RESULTS

AVAILABILITY OF ROLE MODELS


The first part of the analyses of these data focused on the nature and availability of role models to white students and students of color. Table 2 provides information on the role models available to participants in the study and role models' educational backgrounds. A critical assumption guiding this research was that students of color would report having fewer race- and gender-matched role models available to them, and this assumption was, in fact, supported. About half of the students in this sample reported at least one race- and gender-matched role model. However, whereas most white students reported having race- and gender-matched role models available to them, a majority of students of color did not.


Codings of students race- and gender-matched role models were analyzed to examine differences in the professional status of race- and gender-matched role models available to white students and students of color. In general, proportionally fewer of the race- and gender-matched role models reported by students of color were in occupations requiring a college education (X2 = 3.74, p < .05). It is important to keep this pattern in mind when examining data on the relationship between the availability of a race-and gender-matched role model and students' motivation for academic achievement. If students of color with a matched (but not necessarily college-educated) role model demonstrate a propensity to invest in academic achievement to the same degree as their White peers (who typically do have college-educated matched role models), this will provide some support for the hypothesis that the match is more important for predicting an investment in achievement than is the content of that role model.


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Effects of the Availability of a Role Model


The focus of this manuscript is race- and gender-matched role models and the special role that matched role models play in adolescent identity development. As a consequence, hypothesis-testing will entail a two-stage process: First, students with nonmatched role models will be compared to those with no role model at all, to ensure that, as hypothesized, there are no differences between these two groups. Next, given no differences between students with non-matched role models and those with no role model at all, these two groups will be collapsed and contrasted with students with race-and gender-matched role models. In each case, it is hypothesized that students with at least one race- and gender-matched role model will show greater investment in achievement than their peers without such a role model.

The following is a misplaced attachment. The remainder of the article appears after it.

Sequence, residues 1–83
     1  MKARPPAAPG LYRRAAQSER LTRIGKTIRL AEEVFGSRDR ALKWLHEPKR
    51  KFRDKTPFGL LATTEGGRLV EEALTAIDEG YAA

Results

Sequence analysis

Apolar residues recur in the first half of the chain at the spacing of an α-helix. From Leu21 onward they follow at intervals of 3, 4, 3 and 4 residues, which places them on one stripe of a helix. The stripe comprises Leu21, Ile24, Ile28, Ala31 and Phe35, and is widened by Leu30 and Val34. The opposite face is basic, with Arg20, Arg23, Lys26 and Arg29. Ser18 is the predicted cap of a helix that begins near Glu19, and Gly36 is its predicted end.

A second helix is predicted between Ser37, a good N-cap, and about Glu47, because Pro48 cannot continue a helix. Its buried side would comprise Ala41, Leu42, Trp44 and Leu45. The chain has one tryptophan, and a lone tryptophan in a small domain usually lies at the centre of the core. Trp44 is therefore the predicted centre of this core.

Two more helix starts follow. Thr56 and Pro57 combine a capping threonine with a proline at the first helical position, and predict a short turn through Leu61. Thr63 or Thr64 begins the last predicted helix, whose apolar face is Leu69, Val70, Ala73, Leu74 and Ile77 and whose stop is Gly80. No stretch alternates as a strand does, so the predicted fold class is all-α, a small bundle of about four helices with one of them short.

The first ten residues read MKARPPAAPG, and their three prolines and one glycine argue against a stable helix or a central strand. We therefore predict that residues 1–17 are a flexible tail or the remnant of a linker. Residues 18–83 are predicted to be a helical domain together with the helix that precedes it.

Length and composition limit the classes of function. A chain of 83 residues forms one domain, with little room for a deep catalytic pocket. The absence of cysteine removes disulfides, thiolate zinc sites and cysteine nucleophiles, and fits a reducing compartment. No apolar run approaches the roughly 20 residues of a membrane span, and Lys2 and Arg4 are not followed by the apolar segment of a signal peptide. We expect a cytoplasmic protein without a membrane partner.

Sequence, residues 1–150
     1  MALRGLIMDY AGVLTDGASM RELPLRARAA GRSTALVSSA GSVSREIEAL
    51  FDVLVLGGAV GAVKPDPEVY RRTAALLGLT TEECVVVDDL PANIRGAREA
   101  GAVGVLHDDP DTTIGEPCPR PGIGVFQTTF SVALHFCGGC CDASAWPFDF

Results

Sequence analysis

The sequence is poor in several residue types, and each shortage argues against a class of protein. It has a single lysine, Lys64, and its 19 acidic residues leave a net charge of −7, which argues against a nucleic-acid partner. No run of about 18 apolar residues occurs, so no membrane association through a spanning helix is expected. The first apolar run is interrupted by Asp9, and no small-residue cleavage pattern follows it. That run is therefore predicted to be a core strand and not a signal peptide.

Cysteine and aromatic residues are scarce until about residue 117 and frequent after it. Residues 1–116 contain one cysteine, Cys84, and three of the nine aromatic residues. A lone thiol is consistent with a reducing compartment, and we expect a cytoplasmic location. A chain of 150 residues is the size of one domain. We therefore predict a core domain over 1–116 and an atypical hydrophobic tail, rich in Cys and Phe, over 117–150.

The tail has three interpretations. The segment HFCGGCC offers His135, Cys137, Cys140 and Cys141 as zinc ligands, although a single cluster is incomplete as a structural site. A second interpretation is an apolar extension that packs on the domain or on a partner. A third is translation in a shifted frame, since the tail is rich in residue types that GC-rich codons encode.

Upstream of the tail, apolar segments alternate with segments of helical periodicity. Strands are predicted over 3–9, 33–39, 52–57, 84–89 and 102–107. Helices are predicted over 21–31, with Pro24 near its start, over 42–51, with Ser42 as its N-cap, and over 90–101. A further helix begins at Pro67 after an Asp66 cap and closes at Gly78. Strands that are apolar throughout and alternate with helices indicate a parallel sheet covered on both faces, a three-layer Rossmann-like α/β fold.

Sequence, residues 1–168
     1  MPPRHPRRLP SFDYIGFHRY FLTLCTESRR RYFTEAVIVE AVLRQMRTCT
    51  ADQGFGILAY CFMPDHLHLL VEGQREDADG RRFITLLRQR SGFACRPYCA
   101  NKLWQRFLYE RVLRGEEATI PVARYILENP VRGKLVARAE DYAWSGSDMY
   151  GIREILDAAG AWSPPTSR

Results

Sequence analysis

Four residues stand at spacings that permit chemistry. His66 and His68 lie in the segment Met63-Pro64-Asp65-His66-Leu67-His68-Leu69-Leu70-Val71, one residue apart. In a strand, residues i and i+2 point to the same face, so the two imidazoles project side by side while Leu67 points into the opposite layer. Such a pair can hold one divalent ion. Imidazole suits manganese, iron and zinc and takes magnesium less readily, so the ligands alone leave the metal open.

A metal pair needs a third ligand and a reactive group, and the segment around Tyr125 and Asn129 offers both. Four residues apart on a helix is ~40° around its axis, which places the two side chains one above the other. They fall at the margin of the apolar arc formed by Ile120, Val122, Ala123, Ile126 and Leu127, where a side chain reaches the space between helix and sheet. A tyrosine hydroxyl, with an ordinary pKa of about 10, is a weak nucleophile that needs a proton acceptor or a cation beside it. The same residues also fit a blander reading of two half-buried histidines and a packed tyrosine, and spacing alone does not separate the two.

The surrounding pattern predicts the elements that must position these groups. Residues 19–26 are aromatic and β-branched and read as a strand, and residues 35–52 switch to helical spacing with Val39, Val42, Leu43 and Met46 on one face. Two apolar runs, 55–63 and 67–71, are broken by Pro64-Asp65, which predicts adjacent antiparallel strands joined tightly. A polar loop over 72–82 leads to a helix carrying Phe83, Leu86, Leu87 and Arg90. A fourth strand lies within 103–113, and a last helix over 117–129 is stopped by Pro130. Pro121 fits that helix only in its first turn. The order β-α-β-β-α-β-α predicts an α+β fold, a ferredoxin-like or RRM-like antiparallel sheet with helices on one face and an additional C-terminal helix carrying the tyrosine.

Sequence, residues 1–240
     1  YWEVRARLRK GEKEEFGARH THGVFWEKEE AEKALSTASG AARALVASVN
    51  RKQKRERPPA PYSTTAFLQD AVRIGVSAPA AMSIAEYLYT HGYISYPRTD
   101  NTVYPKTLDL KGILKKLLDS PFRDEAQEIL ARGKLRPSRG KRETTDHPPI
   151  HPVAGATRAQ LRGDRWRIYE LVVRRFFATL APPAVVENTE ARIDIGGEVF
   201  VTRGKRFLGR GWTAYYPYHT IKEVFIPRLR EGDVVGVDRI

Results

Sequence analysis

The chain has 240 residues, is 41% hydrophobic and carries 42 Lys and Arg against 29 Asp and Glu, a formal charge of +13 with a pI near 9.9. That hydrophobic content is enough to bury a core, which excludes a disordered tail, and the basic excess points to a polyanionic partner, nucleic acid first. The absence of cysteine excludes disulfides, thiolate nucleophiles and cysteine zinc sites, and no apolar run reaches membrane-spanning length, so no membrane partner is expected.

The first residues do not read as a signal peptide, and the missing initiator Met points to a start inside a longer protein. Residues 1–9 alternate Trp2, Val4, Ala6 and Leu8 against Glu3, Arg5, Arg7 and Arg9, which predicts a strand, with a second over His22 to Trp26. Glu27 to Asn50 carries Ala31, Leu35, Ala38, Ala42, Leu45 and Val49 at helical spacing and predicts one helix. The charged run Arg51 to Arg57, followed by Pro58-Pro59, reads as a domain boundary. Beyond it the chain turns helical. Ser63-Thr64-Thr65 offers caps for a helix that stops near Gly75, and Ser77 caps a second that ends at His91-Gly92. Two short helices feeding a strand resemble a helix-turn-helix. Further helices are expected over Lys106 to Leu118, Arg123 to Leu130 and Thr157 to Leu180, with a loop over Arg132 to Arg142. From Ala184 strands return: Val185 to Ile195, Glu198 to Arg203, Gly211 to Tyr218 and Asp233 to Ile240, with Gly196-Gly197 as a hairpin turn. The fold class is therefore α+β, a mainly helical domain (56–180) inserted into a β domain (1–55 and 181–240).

Achievement Focus


It was hypothesized that young adolescents with at least one race- and gender-matched role model at the start of the study would show increased interest in achievement (Hypothesis I), as evidenced by their (a) demonstrating better academic performance in future assessments, (b) reporting more achievement-oriented goals, (c) enjoying achievement-relevant activities more, (d) being more likely to think about the future and their plans or their place in it, and (e) being more likely to report adults rather than peers as idols relative to their peers without matched role models. I also hypothesize that these relationships will depend more on the match between participants and available role models than on the content of the role model (Hypothesis II), as evidenced by (a) the fact that the findings will hold only for those young people with race- and gender-matched role models—not for those with nonmatched role models and (b) that the positive relationships will hold independent of the content of the particular role model reported by a student (i.e., the student will be more academically motivated even if the role model does not have an academic background).


Academic performance. Students with race- and gender-matched role models were hypothesized to be more academically focused and thus achieve more than their peers without such role models. To test this hypothesis, reports of students' performance 18 to 24 months after the study began were examined. Students' grades were given a numerical value, with higher numbers reflecting higher grades (1 = F, 3 = D, 6 = C, 9 = B, 12 = A—intermediate values represent + 's and -1- 's). As expected, one-way ANO-VA's showed no differences in grades between those students with non-matched role models and those without any role model (F< 1, ns). Collapsing those who reported a nonmatched role model or no role model and comparing them to students with race- and gender-matched role models, however, revealed the predicted pattern: Students with matched role models were performing better academically than those without 14 to 18 months after the role model assessment took place [Matched: M = 8.89—B+'s; Nonmatched: M = 7.15—B-'s; F (1,35) = 4.05, p < .05]. Moreover, this pattern was true for both White students and students of color; no interaction of race and presence of role model was found [F(1, 33) = 1.46, ns].

Performance and role model content


The second hypothesis examined in this study was that the mere presence of race- and gender-matched role models is more important than the content of those models. That is, it was expected that the educational achievements of role models would not be predictive of students' later performance, and this was indeed the case. There was no difference in students' later academic performance as a function of whether or not the race- and gender-matched role models they reported were college-educated (F < 1, ns).